To Tax, or not to Tax - that is the question

There was an article published in the European Commiission's 'Joinup' news site entitled "Greek advocacy protests hospital's banning of open source".  The story caught my attention because it provided an interesting twist on how one government may choose to treat companies using free and open source software (FOSS)  -  charge them with tax evasion!

This story provides an interesting new twist on the use of free and open source software (FOSS). Are hospitals and companies using 'open source' software evading tax laws? They're using something of tremendous value that is available for free. That's got to be unacceptable to tax authorities within some cash strapped governments. The solution - let's start taxing free and open access text books, open data, open source software, open knowledge, open science, open...  Makes tremendous sense, or does it?

It appears that the Greek government's Financial & Economic Crime Unit has begun approaching companies and public administrations, asking for an inventory of their software licenses along with any corresponding invoices. The aim of the economic crime unit is to combat tax evasion.  Apparently, since free and open source software (FOSS) doesn't come with an invoice, the presumption is that somehow these hospitals or companies may be charged with tax evasion.

Eel/lak, a Greek network of academic proponents of open source, is asking a hospital in Thessaloniki to reconsider its ban of software solutions based on free and open source software. They claim the hospital is misreading the implications of the government's inventory of software licenses being used by private companies and public institutions.  Eel/lak claims the hospital's ban on the use of open source software "has no legal basis, is not based on any government decision and creates unnecessary costs for the Greek taxpayer in a particularly difficult period for the entire Greek community."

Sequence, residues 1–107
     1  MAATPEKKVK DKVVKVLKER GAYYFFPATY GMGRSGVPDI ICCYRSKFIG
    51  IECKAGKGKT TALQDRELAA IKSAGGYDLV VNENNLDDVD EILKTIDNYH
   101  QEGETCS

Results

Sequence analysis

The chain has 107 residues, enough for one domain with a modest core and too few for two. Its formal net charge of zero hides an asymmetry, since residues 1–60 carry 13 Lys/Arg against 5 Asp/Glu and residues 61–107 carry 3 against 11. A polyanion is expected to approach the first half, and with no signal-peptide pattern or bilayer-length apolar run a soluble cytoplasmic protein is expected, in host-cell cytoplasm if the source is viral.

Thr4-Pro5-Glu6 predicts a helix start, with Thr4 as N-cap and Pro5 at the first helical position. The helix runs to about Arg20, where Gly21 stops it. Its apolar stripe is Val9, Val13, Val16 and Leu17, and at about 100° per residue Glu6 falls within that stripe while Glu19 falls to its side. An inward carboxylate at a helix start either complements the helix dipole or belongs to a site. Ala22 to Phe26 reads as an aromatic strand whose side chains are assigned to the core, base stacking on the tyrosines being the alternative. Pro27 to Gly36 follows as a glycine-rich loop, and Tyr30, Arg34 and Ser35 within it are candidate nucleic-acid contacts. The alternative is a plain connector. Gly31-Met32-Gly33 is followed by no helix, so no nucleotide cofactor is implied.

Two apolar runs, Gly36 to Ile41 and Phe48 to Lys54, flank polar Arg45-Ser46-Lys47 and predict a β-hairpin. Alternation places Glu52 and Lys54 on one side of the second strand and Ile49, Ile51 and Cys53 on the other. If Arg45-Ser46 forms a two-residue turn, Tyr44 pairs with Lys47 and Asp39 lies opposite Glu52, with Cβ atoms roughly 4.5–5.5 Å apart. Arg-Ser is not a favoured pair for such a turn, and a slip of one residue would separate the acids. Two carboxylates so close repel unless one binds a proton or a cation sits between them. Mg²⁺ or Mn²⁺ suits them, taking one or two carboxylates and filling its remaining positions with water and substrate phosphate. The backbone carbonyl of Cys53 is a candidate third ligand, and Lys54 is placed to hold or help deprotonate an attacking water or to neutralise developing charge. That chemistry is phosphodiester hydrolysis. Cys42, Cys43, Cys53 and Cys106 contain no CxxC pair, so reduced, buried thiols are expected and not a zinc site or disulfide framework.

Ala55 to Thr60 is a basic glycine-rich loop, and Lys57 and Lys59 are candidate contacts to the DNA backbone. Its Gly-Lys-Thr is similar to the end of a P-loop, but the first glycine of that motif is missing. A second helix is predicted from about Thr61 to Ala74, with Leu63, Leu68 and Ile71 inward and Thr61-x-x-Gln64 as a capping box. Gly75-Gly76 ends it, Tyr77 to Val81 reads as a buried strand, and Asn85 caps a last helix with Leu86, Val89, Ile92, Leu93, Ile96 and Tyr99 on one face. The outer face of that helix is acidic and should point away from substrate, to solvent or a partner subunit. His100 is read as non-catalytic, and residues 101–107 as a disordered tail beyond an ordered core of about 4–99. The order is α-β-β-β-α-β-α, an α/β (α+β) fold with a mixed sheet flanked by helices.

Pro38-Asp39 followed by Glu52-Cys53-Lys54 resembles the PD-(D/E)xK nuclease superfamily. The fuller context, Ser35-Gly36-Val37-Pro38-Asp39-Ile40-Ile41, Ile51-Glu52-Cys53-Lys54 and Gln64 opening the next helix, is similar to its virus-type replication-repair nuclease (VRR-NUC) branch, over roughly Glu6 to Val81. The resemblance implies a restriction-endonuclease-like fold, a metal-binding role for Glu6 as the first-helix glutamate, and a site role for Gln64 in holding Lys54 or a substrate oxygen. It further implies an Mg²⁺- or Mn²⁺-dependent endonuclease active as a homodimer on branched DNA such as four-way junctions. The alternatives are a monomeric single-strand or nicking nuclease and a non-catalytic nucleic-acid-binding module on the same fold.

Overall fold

Is this a hint of things to come? A new wave of attacks on free and open source software (FOSS) and related 'open solutions'  by the government with the 'behind the scenes' approval of private sector companies theatened by the growing global 'open movement'. 

To Tax, or not to Tax – that is the question. Share you constructive thoughts on the subject with our readers.


Dept. of Revenue [Excerpt]

Dept. of Revenue [Excerpt] Clarifies Open Source Software Tax

  1. How does the new tax apply to use of Open Source software?

A. Open Source software is available free on the Internet. Thus, no tax applies to the transfer of Open Source software where there is no consideration for the transfer. If a seller customizes Open Source software and sells it to one or more customers to be used on any electronic device, that customized software is subject to tax.

The use of open source, or free on the internet, software can be taxed, only if modified or customized, see questions 10 and 11:


Gijs Hillenius & Joinup

Our thanks to Gijs Hillenius for submitting this article for publication this week in Joinup, a news platform established by the European Commission on behalf of the European Union (EU) to share experiences related to e-Government and interoperability solutions. Joinup offers relevant content and insight in various areas of interest including: • Pan-European e-Government public services; • Legal information on usage and development of open-source software within the public sector; • Impact of EU regulations and actions on interoperability solutions.